Indian govt encourages 'big directors' to make propaganda films, says Naseeruddin Shah

The actor said while there is no outright bigotry in the industry, actors faced harassment if they dare to speak out

Entertainment Desk September 14, 2021

Bollywood veteran actor Naseeruddin Shah previously made headlines when he shared his two cents on the Indian Muslims who lent support to the Taliban. While his statement sparked outrage, the A Wednesday actor stayed firm on the matter as he recently talked about the fallout of intimidation and pressure on the industry and major filmmakers.

Speaking about how big names in filmmaking cash in on the notion of promoting jingoism, Shah, in an interview with NDTV, commented, "They [Indian filmmakers] are being encouraged by the government to make pro-government films, to make films lauding the efforts of our beloved leader. They also being financed, also promised a clean chit if they make movies which are propaganda, to put it bluntly."

He added, "You will find the biggest guys giving in to this. In Nazi Germany also this was attempted. Filmmakers who were outstanding, world-class, were rounded up and asked to make films propagating the Nazi philosophy." The actor went on, "The kind of big-budget films that are coming. The big ones - cannot disguise the jingoistic agenda."

Shah also asserted that he has never faced discrimination in the industry, however, has always been varied about being subjected to harassment. The 71-year-old actor said though there is no outright bigotry in the industry, actors faced harassment if they dare to speak out - the reason that the biggest Khans chose silence.  

"They (the Khans) are worried because of the harassment they face. They have so much to lose. It's a question of their entire establishments getting harassed," he said. Talking about the discrimination in the industry, Shah continued, "I don't know if the Muslim community is facing any discrimination now in the film industry. I think our contribution is far too important." He went on, "The amount of revenue you can generate makes for the amount of respect that you receive in this industry. The three Khans are still at the very top, they are unchallenged and still delivering. I have never felt any discrimination. I was advised early in my career to change my name. I kept it and I don't know that it would have made any difference."

Comments on the Taliban

Recently, the Jaane Tu Ya Jaane Na actor received flak over his comments on the Taliban and Indian Muslims. "Even as the Taliban's return to power in Afghanistan is a cause for concern for the whole world, celebrations of the barbarians by some sections of Indian Muslims is no less dangerous," he had said in a video. He had also differentiated between what he called "Hindustani Islam" and what is actually practised in other parts of the world.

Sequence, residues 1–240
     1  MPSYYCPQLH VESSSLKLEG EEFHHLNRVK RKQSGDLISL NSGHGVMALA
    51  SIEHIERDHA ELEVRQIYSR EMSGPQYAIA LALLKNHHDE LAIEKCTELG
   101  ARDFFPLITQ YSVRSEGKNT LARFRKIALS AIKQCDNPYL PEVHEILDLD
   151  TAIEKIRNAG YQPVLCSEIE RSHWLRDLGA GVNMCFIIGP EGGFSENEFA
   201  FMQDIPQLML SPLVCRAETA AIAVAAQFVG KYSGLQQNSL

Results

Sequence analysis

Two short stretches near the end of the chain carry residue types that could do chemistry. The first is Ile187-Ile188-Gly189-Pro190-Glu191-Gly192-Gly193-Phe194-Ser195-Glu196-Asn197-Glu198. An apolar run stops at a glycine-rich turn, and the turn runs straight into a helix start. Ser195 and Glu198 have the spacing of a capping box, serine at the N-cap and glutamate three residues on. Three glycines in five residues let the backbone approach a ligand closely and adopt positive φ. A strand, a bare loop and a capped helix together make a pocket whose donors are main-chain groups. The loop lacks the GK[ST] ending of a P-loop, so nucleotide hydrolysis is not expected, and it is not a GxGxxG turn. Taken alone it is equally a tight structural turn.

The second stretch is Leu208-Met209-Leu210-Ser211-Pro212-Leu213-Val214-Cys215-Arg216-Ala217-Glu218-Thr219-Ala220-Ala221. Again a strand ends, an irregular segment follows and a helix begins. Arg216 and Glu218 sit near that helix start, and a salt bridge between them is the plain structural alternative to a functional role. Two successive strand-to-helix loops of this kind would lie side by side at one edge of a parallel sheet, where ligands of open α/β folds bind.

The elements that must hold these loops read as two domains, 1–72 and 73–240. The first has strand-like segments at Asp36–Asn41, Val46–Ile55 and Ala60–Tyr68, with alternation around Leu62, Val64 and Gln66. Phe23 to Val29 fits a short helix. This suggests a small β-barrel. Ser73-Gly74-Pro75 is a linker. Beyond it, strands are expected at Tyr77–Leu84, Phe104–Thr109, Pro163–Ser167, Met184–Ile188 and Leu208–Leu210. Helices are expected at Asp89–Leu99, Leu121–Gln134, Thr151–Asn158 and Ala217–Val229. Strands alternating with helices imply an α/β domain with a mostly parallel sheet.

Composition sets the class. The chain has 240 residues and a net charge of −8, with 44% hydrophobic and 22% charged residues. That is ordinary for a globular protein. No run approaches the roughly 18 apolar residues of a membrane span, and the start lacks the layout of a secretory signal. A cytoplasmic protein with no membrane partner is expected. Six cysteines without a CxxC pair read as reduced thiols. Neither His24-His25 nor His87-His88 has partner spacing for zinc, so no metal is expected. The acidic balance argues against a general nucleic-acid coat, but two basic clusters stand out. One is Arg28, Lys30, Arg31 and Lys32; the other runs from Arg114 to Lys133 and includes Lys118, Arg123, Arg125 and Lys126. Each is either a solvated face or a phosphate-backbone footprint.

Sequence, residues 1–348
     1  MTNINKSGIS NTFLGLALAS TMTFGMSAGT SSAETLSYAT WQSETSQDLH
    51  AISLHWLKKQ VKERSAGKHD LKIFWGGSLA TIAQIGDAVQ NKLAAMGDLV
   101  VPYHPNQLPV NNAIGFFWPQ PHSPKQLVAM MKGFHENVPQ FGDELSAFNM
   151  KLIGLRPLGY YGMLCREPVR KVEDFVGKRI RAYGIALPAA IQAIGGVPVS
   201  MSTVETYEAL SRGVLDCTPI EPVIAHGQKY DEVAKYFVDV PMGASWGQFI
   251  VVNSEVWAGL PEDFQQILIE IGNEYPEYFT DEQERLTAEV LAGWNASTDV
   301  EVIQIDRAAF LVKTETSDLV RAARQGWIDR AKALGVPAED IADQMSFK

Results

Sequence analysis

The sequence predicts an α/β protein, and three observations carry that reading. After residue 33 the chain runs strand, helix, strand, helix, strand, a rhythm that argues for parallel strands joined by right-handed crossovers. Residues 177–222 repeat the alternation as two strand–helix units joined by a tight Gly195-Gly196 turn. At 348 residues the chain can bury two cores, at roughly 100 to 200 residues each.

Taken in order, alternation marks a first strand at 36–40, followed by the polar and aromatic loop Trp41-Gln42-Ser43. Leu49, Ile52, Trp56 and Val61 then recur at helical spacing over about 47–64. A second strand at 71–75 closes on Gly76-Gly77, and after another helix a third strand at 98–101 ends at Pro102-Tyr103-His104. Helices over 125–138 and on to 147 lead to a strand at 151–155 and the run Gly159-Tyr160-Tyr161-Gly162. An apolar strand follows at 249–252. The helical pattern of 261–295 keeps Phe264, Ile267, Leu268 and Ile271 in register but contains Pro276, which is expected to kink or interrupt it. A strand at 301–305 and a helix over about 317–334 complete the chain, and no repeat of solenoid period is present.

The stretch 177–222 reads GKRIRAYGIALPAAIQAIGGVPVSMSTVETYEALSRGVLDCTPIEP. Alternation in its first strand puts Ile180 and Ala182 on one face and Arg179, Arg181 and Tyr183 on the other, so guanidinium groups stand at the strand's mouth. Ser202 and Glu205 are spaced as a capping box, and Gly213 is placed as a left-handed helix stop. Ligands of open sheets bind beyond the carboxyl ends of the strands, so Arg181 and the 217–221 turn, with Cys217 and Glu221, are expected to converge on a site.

"Celebration may not have been the right word to use," Shah clarified. "I was referring to those who openly made a statement in favour of the Taliban. The past history of the Taliban should make us pretty anxious. What saddened me was that there are sections of the Muslim community who are in agreement. I also received pats on the back from the rightwing. I don't need any such congratulations or label."

Shah also addressed comments about referring to the "Go to Pakistan" slogans often hurled by the rightwing, the actor joked that he had once been offered a fully refundable ticket to Pakistan - "Bombay to Colombo, Colombo to Karachi"

On his Taliban comments, he asserted that what he said was "perfectly reasonable" and that he felt sorry for those getting "rabidly angry" at what he had said.

"It's not an ordinary time. There is an atmosphere of bottled hate just waiting to be released. People are waiting to take offence to anything. If they had heard my statement they would have realised there is nothing to get their knickers in a twist about," the actor remarked. "It doesn't take time for a wildfire to spread. It doesn't take time for thoughts like this to penetrate into people's minds. A majority of people were upset about reforms and that bothered me even more. They are against the idea of modernism."

He finally shared, "By Indian Islam, I meant tolerant, Sufi-influenced practice of Islam in this country. I was referring to the Islam represented by people like Salim Chishti and Nizamuddin Aulia. Indian Islam is a religion that does not believe in the fundamental execution of the word of the law."


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